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Around the Empire: Yankees news - 3/1/19

Bryce Harper signs $330-million contract with the Phillies; The 2019 Yankees remember the 1990’s; Miguel Andujar isn’t the only young infielder looking to take a leap on defense; What Clayton Kershaw can learn from CC Sabathia.

MLB: Washington Nationals at New York Yankees Brad Penner-USA TODAY Sports | Randy Miller: Gleyber Torres is just one of the Yankees’ young players looking to improve upon his rookie season. Like his counterpart, Miguel Andujar, Torres appears to be trying to work on his defense to secure that improvement. He cites the import of DJ LeMahieu, a three-time Gold Glove winner, as huge help as he begins a second year at second base. With Torres’ bat already having produced big time, if he can add slick fielding up the middle, he’ll quickly profile as one of the best in baseball at the keystone.

ESPN | Coley Harvey: In light of recent extensions to continue locking up the Yankees’ core, Harvey compares the 2019 Yankees to the Yankees of 1990s. The Bombers of that decade, much like this current team, sought to identify the best talent and find a way to keep in them pinstripes. Except, of course, those Yankees teams of decades past also shopped at the top of the free agent market, a major difference Harvey notes between how the Yankees are currently constructed and how the team came together around the dynasty years. | Brendan Kuty: If you haven’t heard, Bryce Harper signed with the Phillies yesterday. Here, Kuty offers a few thoughts on the deal from the Yankees’ perspective. I’ll add another; after angling for years to duck beneath the luxury tax, and finally succeeding last year, just ahead of a historic free-agent class, the largest guarantee the Yankees handed out on the free market was $39 million, to Zack Britton. Financial Flexibility it is.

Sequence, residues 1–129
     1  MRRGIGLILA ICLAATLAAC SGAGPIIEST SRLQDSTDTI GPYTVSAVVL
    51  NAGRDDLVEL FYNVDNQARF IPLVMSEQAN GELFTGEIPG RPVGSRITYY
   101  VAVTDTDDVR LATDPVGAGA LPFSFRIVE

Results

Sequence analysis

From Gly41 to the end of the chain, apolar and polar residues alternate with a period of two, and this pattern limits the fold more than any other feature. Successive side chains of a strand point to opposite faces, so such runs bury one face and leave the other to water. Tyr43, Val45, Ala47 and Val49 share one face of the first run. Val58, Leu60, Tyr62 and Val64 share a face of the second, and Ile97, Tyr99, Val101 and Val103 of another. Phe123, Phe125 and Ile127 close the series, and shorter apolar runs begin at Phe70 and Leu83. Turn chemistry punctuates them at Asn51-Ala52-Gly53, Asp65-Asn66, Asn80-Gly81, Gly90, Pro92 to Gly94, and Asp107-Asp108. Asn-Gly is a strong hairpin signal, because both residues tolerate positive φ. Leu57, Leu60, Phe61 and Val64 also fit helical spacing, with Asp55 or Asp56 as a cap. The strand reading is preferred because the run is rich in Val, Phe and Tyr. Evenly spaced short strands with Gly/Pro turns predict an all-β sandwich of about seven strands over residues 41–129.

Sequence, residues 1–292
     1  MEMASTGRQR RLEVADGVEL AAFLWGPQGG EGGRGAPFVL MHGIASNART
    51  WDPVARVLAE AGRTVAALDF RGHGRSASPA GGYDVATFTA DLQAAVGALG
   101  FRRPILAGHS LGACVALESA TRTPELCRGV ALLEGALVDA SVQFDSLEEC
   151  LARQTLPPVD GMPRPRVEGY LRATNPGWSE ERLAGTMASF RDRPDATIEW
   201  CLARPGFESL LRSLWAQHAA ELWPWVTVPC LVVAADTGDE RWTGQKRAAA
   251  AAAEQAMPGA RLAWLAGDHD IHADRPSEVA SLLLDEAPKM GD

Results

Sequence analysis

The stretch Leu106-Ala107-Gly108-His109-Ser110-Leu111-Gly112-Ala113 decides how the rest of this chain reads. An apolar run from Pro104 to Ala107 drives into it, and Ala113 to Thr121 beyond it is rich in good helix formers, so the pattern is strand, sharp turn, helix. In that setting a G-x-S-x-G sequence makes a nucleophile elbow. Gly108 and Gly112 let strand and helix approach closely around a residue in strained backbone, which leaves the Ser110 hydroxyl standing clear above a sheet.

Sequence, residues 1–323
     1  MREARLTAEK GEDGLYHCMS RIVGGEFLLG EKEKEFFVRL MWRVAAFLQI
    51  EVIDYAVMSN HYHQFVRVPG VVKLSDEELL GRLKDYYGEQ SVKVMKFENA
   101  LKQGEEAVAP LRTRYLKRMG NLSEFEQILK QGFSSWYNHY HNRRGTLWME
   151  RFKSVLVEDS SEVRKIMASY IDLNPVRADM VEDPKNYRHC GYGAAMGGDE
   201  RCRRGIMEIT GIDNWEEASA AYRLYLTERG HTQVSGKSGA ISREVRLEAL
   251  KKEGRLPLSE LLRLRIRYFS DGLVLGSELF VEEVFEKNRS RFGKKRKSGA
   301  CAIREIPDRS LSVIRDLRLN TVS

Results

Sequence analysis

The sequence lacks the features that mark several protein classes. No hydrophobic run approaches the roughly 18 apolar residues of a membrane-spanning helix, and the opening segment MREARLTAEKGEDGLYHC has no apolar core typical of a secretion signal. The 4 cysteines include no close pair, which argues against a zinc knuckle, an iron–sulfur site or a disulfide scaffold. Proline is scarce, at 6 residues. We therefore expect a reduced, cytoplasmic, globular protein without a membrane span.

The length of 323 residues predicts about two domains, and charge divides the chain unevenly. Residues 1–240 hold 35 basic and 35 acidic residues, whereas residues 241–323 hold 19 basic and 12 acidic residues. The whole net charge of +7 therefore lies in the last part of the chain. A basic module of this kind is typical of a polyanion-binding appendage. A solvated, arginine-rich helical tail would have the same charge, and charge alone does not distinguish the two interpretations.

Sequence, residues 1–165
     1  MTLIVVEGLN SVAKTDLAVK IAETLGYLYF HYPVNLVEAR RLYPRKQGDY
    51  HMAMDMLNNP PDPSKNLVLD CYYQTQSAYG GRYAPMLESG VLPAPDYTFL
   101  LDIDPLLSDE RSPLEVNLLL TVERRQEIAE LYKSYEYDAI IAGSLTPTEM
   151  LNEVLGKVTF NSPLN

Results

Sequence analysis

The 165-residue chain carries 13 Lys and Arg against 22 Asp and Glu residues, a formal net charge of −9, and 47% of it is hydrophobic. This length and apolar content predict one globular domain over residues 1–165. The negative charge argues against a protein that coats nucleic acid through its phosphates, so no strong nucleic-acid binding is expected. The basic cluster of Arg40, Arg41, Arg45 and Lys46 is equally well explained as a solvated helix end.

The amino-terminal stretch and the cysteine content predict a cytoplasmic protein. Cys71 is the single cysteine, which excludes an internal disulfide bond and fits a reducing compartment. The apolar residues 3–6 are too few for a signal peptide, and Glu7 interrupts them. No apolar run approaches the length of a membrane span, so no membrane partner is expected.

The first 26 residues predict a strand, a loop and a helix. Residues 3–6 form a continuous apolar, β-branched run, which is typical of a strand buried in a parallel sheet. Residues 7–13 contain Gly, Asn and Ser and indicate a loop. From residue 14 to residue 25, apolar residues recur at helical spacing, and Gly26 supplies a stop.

LA Times | Andy McCullough: From the Dodgers beat writer, here’s an interesting story about what Clayton Kershaw can learn from CC Sabathia. Like Sabathia, the iconic Dodgers southpaw appears to be physically declining as he ages. Sabathia, of course, has molded into himself into a downright quality starter at the end of his career, through a mixture of hard work, guile, and open-mindedness. “I feel like I can toy with the hitters. I feel like I’m really accomplishing something”, Sabathia said. If Kershaw can learn new ways to get hitters out even with diminished velocity, he can ensure that he’ll continue to reach great heights as his career progresses.